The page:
Earlier this week, we reported – wait, I did – that Microsoft had confirmed that they are working on prototypes of their own “Glass” to rival Google’s. The company is presently contracting Asian component makers to provide cameras and other essentials for the device. However, sources close to the project cautioned that the device might never see mass-production.
Samsung’s sports glasses
Now it appears that Samsung has similar ideas in mind, something that shouldn’t come as a tremendous shock given Samsung’s size and already-released Galaxy Gear “smartwatch.” That said, if Galaxy Gear is any indication of Samsung’s prowess in wearable tech, I doubt many Glass engineers at Google are looking down to their wrists at their Galaxy Gears and counting the minutes until they are let go by Google.
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Based on a design patent registered with the Korea Intellectual Property Rights Information Service, the “sports glasses,” to which Samsung is seeking a patent, will offer a link to a smartphone for “alerts and easy control.”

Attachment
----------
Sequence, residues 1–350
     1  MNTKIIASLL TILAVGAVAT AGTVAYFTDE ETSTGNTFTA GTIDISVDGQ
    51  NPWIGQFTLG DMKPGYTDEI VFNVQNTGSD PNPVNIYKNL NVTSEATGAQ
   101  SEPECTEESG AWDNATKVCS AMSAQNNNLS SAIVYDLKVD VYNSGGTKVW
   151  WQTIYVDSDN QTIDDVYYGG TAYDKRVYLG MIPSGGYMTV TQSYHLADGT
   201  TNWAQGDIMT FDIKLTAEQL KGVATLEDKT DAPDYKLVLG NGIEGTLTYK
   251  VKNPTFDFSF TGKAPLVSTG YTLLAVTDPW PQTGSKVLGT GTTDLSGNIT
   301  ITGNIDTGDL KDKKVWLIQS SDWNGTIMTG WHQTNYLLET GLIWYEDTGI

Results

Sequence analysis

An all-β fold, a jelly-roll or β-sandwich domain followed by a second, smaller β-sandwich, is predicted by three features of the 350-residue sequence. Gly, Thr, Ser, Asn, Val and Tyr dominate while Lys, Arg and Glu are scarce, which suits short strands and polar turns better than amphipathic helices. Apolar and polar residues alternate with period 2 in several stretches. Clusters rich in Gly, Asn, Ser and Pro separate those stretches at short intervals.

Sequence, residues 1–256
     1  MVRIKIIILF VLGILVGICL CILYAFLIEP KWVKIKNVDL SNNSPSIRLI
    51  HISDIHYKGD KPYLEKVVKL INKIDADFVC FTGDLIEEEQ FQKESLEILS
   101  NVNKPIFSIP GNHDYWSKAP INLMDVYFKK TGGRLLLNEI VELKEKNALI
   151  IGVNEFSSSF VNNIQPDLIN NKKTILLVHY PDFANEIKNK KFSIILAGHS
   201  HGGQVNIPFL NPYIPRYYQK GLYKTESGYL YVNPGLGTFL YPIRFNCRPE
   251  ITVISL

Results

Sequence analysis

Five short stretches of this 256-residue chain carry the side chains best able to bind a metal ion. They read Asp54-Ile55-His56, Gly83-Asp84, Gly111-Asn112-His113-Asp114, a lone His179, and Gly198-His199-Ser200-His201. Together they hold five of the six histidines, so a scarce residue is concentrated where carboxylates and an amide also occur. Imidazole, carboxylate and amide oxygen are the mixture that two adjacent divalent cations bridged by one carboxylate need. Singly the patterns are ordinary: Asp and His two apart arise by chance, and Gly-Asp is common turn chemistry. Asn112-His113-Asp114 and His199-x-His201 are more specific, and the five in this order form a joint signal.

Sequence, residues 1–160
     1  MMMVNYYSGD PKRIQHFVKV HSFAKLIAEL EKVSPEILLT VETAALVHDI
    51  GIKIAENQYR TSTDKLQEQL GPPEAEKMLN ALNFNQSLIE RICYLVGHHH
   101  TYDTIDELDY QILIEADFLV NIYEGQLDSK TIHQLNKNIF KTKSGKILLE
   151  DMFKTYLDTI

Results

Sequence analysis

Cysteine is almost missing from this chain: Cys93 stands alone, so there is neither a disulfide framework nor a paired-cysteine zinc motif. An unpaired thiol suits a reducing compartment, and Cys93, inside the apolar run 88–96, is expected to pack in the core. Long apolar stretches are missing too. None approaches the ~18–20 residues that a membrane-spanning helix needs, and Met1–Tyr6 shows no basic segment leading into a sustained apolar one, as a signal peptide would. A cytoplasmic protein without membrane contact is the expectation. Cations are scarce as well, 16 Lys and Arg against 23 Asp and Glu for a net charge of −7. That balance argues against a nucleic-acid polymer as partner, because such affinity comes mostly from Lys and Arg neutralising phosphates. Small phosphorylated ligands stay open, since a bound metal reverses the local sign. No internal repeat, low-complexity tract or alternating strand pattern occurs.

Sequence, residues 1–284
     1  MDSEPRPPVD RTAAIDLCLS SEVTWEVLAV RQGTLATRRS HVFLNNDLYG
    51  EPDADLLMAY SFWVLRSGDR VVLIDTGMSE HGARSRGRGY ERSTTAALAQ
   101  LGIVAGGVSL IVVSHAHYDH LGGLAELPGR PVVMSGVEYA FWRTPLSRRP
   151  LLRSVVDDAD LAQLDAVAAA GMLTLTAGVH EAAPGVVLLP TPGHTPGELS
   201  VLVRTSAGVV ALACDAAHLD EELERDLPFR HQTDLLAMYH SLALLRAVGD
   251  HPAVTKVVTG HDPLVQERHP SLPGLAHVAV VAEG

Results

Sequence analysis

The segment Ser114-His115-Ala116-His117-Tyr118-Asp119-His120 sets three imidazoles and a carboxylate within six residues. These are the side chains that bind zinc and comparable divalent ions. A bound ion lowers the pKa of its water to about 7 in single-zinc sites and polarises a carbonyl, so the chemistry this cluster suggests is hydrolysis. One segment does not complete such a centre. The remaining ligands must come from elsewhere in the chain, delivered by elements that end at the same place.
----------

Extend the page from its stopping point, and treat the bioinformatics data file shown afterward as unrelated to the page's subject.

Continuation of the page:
Based on reporting by The Wall Street Journal, the headgear should also include headphones and a microphone for taking calls or listening to music when the hands are otherwise occupied.
Samsung is reportedly developing a wearable gadget that appears to rival Google Glass.
Samsung’s Galaxy Gear line
The South Korean electronics giant rarely if ever comments on speculation and so far have not responded to either PCWorld nor The Wall Street Journal‘s emails for comment. Patent applications ultimately mean very little when it comes to actual mass-production, but if Samsung were to pull the trigger on its “Glass” it would join the critically scathed Galaxy Gear in its wearable tech line.
The Galaxy Gear features a 1.63-inch Super AMOLED, 320-by-320 display, a horrible battery, and little functionality. Certainly I could include additional technical specifications but since so few people are considering its purchase that would only be folly. Yesterday, Samsung did finally allow Galaxy Gear to connect with phones beyond the Galaxy Note 3, which was unveiled the same day, and promises more connectivity by the end of the month.
While Google’s Glass seems to concentrate on everyday use and riling up privacy advocates; the Samsung patent application, according to the Journal, appears to be focused on the “sporty” nature of its product. Read Rodney Dangerfield’s NASA-designed putter in the 1980 film Caddyshack?